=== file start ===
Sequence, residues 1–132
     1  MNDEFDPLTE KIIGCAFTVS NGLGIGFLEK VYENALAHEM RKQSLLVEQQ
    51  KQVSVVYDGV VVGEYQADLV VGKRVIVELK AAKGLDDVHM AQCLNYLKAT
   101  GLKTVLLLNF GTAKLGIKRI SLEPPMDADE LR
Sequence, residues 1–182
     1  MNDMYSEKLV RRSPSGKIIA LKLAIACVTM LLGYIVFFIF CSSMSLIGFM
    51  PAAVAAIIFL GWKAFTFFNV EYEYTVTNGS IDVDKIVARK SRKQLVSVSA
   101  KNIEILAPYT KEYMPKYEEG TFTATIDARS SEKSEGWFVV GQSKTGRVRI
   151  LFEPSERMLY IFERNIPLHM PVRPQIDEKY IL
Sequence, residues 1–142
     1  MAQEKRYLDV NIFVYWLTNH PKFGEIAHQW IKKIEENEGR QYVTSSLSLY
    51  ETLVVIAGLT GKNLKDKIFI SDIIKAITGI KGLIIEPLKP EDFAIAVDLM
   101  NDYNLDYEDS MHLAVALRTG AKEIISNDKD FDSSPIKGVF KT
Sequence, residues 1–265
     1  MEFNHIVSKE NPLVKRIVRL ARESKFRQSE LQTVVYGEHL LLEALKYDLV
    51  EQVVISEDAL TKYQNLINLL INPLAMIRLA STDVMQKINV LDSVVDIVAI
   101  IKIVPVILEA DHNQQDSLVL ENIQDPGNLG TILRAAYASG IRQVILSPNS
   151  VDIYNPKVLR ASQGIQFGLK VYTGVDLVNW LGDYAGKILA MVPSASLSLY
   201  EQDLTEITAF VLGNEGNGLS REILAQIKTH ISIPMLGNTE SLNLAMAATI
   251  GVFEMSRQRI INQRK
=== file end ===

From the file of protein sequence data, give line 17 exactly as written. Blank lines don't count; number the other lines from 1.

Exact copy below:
   101  IKIVPVILEA DHNQQDSLVL ENIQDPGNLG TILRAAYASG IRQVILSPNS